Walking the 2000 steps across this massive dam, we head north on the Appalachian Trail to Shuckstack Mountain, a killer assent of 2000’ elevation gain.   With no intention of making this brutal climb, we look to just explore the approach to the mountain.  Our plan is to hike ten minutes up the steep trail or until we cry “uncle;” in nine minutes we cry “uncle and aunt” and return down the mountain with our tails between our legs.

fd-7-h-in-shelter

Hannah on the lower bunk of the Fontana Hilton

With the mountain rightfully claiming victory, we return to the dam and head south on the Appalachian Trail.  Seeing southbound thru-hikers who are within 150 miles of finishing their 2180-mile hike through 14 states, we notice the Fontana Hilton, the sweetest shelter we have seen on the Appalachian Trail.  With a metal roof, the shelter has double wooden platforms on either side of the structure for mats and sleeping bags.

fd-7a-solar-cell-phone-charger

Cell phone charger at the Fontana Hilton

Outside there is a solar phone charger!  Nearby is a fire pit you might see in the finest of backyards in Ithaca, New York; no outhouse or composting toilet for these thru-hikers, there is a fine stone building with a flush toilet, sink, and shower.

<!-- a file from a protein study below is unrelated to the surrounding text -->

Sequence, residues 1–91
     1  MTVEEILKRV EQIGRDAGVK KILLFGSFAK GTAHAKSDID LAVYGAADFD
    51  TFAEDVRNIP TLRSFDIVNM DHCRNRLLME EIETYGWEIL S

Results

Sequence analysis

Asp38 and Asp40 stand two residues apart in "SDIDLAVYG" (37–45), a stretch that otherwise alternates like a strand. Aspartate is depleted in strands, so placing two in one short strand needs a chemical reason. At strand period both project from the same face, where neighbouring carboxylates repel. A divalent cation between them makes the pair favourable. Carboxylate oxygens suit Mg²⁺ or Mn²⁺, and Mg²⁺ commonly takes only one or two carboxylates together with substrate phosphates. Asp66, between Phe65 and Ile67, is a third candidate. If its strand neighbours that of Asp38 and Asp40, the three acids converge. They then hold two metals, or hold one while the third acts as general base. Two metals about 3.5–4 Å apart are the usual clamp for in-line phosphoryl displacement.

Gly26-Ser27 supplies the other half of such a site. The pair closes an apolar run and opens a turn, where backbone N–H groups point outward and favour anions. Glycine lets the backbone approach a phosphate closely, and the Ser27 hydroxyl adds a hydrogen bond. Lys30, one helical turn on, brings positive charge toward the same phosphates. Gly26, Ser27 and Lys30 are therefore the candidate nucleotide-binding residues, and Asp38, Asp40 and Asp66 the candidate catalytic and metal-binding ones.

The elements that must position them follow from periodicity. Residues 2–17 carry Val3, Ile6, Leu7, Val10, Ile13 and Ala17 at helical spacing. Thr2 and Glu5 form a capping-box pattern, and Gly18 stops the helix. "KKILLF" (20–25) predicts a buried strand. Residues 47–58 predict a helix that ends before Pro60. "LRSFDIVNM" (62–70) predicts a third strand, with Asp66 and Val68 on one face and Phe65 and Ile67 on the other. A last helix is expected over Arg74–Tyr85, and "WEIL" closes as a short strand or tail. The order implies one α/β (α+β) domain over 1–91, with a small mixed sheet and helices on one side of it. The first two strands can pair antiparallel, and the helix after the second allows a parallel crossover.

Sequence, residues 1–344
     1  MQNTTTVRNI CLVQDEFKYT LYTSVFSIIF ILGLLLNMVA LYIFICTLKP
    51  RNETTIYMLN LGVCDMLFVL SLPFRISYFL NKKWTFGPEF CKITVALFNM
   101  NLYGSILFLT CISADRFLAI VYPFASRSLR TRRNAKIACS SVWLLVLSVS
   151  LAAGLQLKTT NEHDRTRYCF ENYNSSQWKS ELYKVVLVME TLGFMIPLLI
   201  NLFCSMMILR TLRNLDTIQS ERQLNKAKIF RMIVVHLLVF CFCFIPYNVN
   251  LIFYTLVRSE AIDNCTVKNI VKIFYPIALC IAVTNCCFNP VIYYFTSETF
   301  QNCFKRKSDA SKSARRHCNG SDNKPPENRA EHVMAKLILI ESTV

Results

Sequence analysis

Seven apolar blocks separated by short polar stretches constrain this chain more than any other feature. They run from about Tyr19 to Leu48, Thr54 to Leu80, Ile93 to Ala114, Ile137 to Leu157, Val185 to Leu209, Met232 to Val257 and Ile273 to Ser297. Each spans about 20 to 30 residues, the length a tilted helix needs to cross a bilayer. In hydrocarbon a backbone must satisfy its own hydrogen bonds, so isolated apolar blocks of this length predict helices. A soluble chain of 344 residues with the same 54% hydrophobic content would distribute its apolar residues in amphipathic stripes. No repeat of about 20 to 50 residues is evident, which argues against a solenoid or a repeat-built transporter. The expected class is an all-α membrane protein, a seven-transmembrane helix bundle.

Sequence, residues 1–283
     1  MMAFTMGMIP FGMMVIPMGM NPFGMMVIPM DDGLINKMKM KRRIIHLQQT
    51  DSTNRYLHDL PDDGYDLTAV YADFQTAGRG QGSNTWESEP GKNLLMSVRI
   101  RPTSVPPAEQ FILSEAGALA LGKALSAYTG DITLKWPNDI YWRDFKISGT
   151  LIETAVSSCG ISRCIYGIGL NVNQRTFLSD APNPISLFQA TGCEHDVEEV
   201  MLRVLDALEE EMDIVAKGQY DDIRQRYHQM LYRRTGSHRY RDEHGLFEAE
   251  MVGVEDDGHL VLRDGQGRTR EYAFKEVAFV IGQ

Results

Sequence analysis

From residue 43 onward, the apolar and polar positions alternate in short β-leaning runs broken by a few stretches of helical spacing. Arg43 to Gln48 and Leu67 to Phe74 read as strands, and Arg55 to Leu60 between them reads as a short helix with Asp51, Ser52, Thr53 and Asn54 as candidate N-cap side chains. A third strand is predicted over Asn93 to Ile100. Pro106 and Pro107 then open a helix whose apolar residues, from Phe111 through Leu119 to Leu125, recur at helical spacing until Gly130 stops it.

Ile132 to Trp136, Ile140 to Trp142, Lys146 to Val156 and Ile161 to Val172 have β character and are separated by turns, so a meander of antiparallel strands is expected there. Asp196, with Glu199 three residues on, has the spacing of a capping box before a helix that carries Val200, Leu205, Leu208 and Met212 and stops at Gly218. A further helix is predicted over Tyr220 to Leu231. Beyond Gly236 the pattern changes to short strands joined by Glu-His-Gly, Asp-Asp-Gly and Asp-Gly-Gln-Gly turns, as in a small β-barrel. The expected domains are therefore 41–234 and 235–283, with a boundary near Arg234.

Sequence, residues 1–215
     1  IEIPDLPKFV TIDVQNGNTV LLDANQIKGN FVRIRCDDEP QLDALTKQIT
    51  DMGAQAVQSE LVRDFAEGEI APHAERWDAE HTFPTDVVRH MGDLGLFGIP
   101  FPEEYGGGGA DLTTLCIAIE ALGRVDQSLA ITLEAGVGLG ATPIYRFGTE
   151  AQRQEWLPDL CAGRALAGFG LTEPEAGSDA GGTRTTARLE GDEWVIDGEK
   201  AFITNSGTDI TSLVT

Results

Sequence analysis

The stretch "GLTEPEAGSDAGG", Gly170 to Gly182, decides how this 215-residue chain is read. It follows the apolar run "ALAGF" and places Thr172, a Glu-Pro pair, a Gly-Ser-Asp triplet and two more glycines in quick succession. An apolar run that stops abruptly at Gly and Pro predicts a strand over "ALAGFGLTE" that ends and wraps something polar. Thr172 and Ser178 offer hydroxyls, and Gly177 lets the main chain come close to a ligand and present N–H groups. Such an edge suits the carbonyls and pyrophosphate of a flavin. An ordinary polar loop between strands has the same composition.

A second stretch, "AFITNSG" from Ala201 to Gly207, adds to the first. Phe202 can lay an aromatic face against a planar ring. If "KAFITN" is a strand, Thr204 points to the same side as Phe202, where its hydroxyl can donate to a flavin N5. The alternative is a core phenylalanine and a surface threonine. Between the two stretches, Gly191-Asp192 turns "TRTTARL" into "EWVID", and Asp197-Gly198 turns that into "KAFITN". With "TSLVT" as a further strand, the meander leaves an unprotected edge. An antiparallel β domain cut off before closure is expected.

fd-3-d-on-trail-to-the-south

Dan on the Appalachian Trail to the south of Fontana Dam

Heading south on the AT for the next mile and a half, we have an easy peezy walk in the park above the reservoir’s edge.   Arriving at the marina, we learn that though the lake has been drawn down, it is still 12-14’ below normal.  Being 24-square miles, Lake Fontana must have a gazillion less gallons of water for the parched populace.

fd-4a-bamahiker-narrative

Nearby, we see this small memorial to BamaHiker, the last place where James hiked on the AT.  His wife has printed the paragraph below of his dream of thru-hiking the AT that was cut short due to pancreatic cancer.

She asks hikers to take a stone that she has placed in a pair of James’s boots to celebrate the journey that he wasn’t able to complete.

Since she left her email address requesting a picture of our hike, later I email her with some of these blog pictures near the Fontana Dam.  The next day Brenda emails back.  With her permission, I share her response.

fd-4c-james-boots

The boots of James

fd-4-bamahiker-overview

Dear Dan, thank you so much for your email. Please know it so excites me to hear from hikers that stop, take the pebbles and carry them along the trail. I appreciate you and your wife, Hannah, for taking one of my husband’s pebbles. I look forward to reading your blog. I just went to the site and added my email so I can follow you and your adventures. I would count it as an honor if you would include my husband’s story in your blog. He was an awesome man, husband, father and Christian. He is sorely missed! I hope that his story inspires other hikers to press on and not give up. I pray that his spirit of determination helps them along the trail through those difficult days. 

 May God bless you and your wife, Brenda

What has been another good day on the Appalachian Trail has bumped up to a heart-tugging day of joy for us.

By the way, once home, Hannah emails too, and offers Brenda a homemade shawl from our friend Helen, who creates them in memory of her son.  Helen hopes the shawls provide comfort to others experiencing a difficult time in their lives.  Here’s Brenda’s response to Hannah’s outreach.

Dear Hannah.